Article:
This week, two musical kindred spirits are coming to my area to perform. And I will see neither of them.
One is Ben Harper, who will be appearing tomorrow at the 9:30 Club in Washington, D.C. I first became aware of Ben from his scintillating cover of the Beatles “Strawberry Fields” for the soundtrack of the 2001 film I Am Sam. Ben’s vocals floated through the song, reinterpreting the already very familiar tune to become something fresh. After that I went out and bought “Fight for Your Mind” and “Diamonds on the Inside”. The songs from these two albums remain alive to this day. I heard one cut recently on an episode of the CBS series The Good Wife.
The other is Robyn Hitchcock, who will be performing on Wednesday at the Barns at Wolf Trap in Northern Virginia. Robyn launched his career in the London punk scene, but I became enamored when I heard him play on the radio on “Mountain Stage,” which broadcasts from West Virginia, of all places. I ran out an bought his 1991 CD “Perspex Island,” which fit right in with the Richard Thompson CDs that I was also buying at the time.
It would seem to be a no-brainer that I would go see at least one if not both of them. But there are many things to consider. First, there is the question of who I would go with (going alone is not an option). My wife would probably hate both of them. Our musical tastes overlap by only a thin slice. After our decades of marriage, we have reached an understanding that we like what we like, and it is not worth the effort to try to convince each other otherwise.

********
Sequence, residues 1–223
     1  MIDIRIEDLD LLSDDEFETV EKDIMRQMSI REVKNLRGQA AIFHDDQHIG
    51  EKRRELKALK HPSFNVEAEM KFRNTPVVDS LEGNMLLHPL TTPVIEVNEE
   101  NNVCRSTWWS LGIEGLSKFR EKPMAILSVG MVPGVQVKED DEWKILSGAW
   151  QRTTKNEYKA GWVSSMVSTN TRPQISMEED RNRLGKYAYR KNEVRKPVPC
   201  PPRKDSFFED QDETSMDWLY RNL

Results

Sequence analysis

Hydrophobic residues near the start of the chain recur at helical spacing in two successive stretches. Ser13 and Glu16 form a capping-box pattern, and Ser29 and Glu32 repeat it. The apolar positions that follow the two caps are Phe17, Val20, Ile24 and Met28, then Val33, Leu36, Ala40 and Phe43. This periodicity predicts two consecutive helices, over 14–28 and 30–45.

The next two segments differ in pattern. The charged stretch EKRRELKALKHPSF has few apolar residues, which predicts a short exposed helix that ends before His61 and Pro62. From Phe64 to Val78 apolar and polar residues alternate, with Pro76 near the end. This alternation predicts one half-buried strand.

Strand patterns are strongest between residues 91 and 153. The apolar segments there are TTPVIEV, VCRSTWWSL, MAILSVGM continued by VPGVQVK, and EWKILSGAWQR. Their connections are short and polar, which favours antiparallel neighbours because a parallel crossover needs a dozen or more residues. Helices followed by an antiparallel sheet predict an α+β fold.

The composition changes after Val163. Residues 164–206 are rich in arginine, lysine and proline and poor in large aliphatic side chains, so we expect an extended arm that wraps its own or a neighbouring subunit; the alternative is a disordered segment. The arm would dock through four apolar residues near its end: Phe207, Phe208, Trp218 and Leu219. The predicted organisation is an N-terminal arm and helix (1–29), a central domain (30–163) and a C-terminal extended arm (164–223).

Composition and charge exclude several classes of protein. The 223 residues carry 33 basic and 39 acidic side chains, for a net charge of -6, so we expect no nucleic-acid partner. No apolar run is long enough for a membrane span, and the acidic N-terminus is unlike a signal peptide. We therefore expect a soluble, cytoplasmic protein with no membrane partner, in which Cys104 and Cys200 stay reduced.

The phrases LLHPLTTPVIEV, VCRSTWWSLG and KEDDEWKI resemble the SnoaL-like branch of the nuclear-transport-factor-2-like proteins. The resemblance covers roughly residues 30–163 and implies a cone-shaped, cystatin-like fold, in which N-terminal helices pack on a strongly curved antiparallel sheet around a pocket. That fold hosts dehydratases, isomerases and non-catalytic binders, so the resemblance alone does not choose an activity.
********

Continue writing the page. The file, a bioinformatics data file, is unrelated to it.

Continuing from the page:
Secondly, neither of my children are quite old enough for a night on the town (and if I were to bring one, I’d have to bring both, or neither). Which brings me to reaching out to someone outside my family, and that only gets complicated. These are the trade-offs one makes in life.
Additionally, I have always been a skeptic when it comes to paying money for a live experience. It has to be pretty much a guarantee, or I will feel ripped off. Buying a ticket to see Ben or Robyn would be a pretty safe bet, but it becomes much less so when I have to convince the companion to come along. I can’t make a promise to someone who does not already know the music, and I’m not enough of a good time myself to make up for any deficiencies (real or perceived) that might become apparent at the concert.
I do know some people just spend the money and go to concerts enough times to finally experience that right moment. I just see that as a lot of money to spend that I don’t have. I need each penny to count.
I realize that maybe it’s me, that I may be making too much of it. That maybe I should just suck it up and go.
And maybe I will someday. But not this week.